You’ve likely heard about the many health benefits of turmeric (Curcuma longa L.) and its compound curcumin.
But did you know that it can be difficult to “unlock” the nutrients in turmeric so your body can actually take full advantage of them?
Turmeric is a staple remedy from the traditional medicine systems of the Far East. Out of all herbs and spices, it seems like turmeric has gained the most widespread popularity as a “super” spice in the West in recent years.
Turmeric’s many health-supportive properties are attributed to curcumin, a key component of turmeric that’s been studied extensively for its:
- anti-inflammatory properties
- antioxidant properties
- impact on longevity
Curcumin is documented in the scientific literature as offering powerful support for the cardiovascular, neurological, metabolic, immune, and cellular systems.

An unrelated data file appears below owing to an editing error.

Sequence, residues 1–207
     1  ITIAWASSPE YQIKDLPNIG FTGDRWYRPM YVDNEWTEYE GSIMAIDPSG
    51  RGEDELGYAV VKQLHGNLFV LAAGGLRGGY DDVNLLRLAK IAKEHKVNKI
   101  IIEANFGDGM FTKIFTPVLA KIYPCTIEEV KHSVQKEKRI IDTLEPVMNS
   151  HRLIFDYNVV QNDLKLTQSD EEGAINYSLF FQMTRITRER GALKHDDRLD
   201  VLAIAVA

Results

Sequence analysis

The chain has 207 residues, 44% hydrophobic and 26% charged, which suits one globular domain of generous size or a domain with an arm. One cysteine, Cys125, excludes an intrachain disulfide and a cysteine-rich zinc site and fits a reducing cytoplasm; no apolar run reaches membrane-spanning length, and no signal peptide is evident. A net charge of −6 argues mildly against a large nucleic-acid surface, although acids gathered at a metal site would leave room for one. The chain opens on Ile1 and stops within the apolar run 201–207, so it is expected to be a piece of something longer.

It’s also the part of turmeric that gives this root spice its rich, golden yellow color.But the truth of the matter is that humans have a difficult time getting all the health benefits from turmeric when consuming the spice all by itself.
Research shows that only a very small portion of its active ingredient (compound) is assimilated into the body when eaten in isolation. One popular way to make the compounds in turmeric more bioavailable (i.e., absorbable and usable to the body) is to pair it with another popular cooking spice:
BLACK PEPPER.This pairing approach of turmeric with black pepper (or curcumin with black pepper) comes with limitations, however, as too much black pepper can actually be detrimental to health – especially in people with gastrointestinal issues.Rain made it easy: cut out the active ingredient of pepper- PIPPERINE and let every stomach enjoy its benefits
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